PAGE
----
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Thread: Sleep Paralysis

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    Sleep Paralysis

    Sleep paralysis, or more properly, sleep paralysis with hypnagogic and hypnopompic hallucinations have been singled out as a particularly likely source of beliefs concerning not only alien abductions, but all manner of beliefs in alternative realities and otherworldly creatures.

    Sleep paralysis is a condition in which someone, most often lying in a supine position, about to drop off to sleep, or just upon waking from sleep realizes that s/he is unable to move, or speak, or cry out. This may last a few seconds or several moments, occasionally longer. People frequently report feeling a "presence" that is often described as malevolent, threatening, or evil. An intense sense of dread and terror is very common. The presence is likely to be vaguely felt or sensed just out of sight but thought to be watching or monitoring, often with intense interest, sometimes standing by, or sitting on, the bed. On some occasions the presence may attack, strangling and exerting crushing pressure on the chest. People also report auditory, visual, proprioceptive, and tactile hallucinations, as well as floating sensations and out-of-body experiences (Hufford, 1982). These various sensory experiences have been referred to collectively as hypnagogic and hypnopompic experiences (HHEs). People frequently try, unsuccessfully, to cry out. After seconds or minutes one feels suddenly released from the paralysis, but may be left with a lingering anxiety. Extreme effort to move may even produce phantom movements in which there is proprioceptive feedback of movement that conflicts with visual disconfirmation of any movement of the limb. People may also report severe pain in the limbs when trying to move them.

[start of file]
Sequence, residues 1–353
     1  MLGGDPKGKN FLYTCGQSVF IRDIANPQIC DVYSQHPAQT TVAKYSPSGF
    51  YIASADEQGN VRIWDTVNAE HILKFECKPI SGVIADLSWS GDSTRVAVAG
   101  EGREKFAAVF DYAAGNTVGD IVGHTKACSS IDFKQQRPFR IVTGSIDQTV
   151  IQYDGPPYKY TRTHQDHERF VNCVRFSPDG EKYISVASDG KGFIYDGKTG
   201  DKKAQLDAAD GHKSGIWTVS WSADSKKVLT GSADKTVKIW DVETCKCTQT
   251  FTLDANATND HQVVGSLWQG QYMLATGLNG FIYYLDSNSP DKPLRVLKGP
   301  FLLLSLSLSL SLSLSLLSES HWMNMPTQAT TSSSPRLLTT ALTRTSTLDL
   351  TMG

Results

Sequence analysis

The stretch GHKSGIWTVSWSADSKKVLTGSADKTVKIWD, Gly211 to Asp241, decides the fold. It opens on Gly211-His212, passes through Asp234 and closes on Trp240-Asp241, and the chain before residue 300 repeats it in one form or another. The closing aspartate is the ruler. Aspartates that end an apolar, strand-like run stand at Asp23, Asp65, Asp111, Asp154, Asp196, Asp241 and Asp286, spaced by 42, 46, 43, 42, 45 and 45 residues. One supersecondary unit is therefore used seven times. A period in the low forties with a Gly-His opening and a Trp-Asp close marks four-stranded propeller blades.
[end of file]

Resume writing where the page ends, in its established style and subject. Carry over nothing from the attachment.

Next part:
Several recent surveys including our own suggest that between 25-30% of the population reports that they have experienced at least a mild form of sleep paralysis at least once and about 20-30% of these have had the experience on several occasions. A few people may have very elaborate experiences almost nightly (or many times in a night) for years. Aside from many of the very disturbing features of the experience itself (described in succeeding sections) the phenomenon is quite benign. It was thought in the past that it was a significant part of the so-called "narcoleptic tetrad", but